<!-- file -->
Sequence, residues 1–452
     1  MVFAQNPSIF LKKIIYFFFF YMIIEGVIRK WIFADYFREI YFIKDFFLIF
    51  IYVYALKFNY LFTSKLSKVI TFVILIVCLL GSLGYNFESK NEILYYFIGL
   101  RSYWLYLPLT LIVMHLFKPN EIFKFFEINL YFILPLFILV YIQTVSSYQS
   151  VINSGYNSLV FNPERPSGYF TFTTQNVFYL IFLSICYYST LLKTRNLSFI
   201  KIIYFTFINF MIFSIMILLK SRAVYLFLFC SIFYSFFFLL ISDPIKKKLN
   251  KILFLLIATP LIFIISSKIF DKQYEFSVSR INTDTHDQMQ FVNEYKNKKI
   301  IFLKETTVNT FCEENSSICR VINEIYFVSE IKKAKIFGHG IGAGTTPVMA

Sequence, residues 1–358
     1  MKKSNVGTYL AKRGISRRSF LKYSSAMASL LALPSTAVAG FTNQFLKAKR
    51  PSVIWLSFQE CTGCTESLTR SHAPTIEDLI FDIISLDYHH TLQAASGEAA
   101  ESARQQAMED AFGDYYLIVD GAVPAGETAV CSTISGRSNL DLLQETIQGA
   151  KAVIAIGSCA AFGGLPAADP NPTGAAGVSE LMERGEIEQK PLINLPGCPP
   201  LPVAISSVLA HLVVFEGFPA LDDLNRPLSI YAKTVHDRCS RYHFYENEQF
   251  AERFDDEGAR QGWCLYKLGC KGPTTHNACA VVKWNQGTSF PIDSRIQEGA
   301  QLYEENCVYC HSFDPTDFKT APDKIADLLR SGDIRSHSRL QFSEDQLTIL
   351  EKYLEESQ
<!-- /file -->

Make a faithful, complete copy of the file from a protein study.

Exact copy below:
Sequence, residues 1–452
     1  MVFAQNPSIF LKKIIYFFFF YMIIEGVIRK WIFADYFREI YFIKDFFLIF
    51  IYVYALKFNY LFTSKLSKVI TFVILIVCLL GSLGYNFESK NEILYYFIGL
   101  RSYWLYLPLT LIVMHLFKPN EIFKFFEINL YFILPLFILV YIQTVSSYQS
   151  VINSGYNSLV FNPERPSGYF TFTTQNVFYL IFLSICYYST LLKTRNLSFI
   201  KIIYFTFINF MIFSIMILLK SRAVYLFLFC SIFYSFFFLL ISDPIKKKLN
   251  KILFLLIATP LIFIISSKIF DKQYEFSVSR INTDTHDQMQ FVNEYKNKKI
   301  IFLKETTVNT FCEENSSICR VINEIYFVSE IKKAKIFGHG IGAGTTPVMA

Sequence, residues 1–358
     1  MKKSNVGTYL AKRGISRRSF LKYSSAMASL LALPSTAVAG FTNQFLKAKR
    51  PSVIWLSFQE CTGCTESLTR SHAPTIEDLI FDIISLDYHH TLQAASGEAA
   101  ESARQQAMED AFGDYYLIVD GAVPAGETAV CSTISGRSNL DLLQETIQGA
   151  KAVIAIGSCA AFGGLPAADP NPTGAAGVSE LMERGEIEQK PLINLPGCPP
   201  LPVAISSVLA HLVVFEGFPA LDDLNRPLSI YAKTVHDRCS RYHFYENEQF
   251  AERFDDEGAR QGWCLYKLGC KGPTTHNACA VVKWNQGTSF PIDSRIQEGA
   301  QLYEENCVYC HSFDPTDFKT APDKIADLLR SGDIRSHSRL QFSEDQLTIL
   351  EKYLEESQ